It was a long day for us. We left in Lisbon after breakfast and our first stop was at Arrábida beach. It was too crowded so we decided to look for other beaches. Along the way, we dropped by in an abandoned military camp in Setúbal. So surreal it’s like you are playing in a real video game with big cannons, abandoned rooms, and tunnels connected to the hills. It offers a panoramic view of the Tróia Peninsula and the Atlantic Ocean.
Continuing to our target destination we passed by in these beautiful and secluded beach of Portinho. After Nuno managed to park the car, we jumped into the free shuttle going closer to the beach and walked a little bit. I was tempted to swim but I didn’t. The water was too cold. I just took a nap under an olive tree instead. So many water activities to do there like kayaking, jet-ski riding, beach-combing, sun-bathing or swimming if you are brave enough.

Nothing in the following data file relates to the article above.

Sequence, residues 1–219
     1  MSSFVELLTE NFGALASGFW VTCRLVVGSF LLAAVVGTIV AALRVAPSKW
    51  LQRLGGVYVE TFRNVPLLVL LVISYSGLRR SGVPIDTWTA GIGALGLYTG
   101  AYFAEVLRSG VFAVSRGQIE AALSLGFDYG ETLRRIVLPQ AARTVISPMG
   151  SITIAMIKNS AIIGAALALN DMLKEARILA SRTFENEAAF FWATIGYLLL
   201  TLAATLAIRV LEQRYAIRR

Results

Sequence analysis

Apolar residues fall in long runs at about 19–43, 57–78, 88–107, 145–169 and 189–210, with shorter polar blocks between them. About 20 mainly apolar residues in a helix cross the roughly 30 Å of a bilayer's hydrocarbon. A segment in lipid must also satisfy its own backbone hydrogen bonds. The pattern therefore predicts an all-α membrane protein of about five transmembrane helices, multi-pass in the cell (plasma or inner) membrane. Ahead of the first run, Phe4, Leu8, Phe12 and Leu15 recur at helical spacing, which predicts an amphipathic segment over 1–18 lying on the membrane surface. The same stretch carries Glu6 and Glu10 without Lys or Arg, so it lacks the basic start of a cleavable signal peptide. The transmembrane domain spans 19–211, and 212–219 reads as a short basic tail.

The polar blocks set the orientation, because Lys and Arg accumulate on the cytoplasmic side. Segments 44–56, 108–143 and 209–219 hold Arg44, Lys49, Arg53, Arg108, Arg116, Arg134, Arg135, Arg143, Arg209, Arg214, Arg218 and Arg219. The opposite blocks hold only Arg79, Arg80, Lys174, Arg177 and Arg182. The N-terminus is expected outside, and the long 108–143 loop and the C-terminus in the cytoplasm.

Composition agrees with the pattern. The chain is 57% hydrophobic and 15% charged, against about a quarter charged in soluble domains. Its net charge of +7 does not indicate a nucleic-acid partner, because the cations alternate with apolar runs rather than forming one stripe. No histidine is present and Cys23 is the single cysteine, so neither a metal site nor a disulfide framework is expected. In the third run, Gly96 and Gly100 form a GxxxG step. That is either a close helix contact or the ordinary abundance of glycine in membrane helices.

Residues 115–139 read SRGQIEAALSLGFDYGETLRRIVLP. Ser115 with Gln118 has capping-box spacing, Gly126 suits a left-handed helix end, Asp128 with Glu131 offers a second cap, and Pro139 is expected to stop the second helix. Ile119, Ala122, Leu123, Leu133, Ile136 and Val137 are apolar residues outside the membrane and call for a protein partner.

Going on to our target destination to Melides, we left Portinho and after an hour, we stopped at this beautiful town in Alcácer do Sal for some snacks (pastel nata) and had a taste of their famous freshwater shrimps.
At night in Melides, though we were tired, we didn’t miss the concert at the plaza. It’s just a small community event that reminds me of my small barangay where we had this dance and music party called “bailehay” which means dance. What’s printed on my mind was the drunk guy who fell at the fountain in the middle of the plaza in Melides. It was just funny!
Day Three. Praia de Melides and Sines Festival Musicas Do Mundo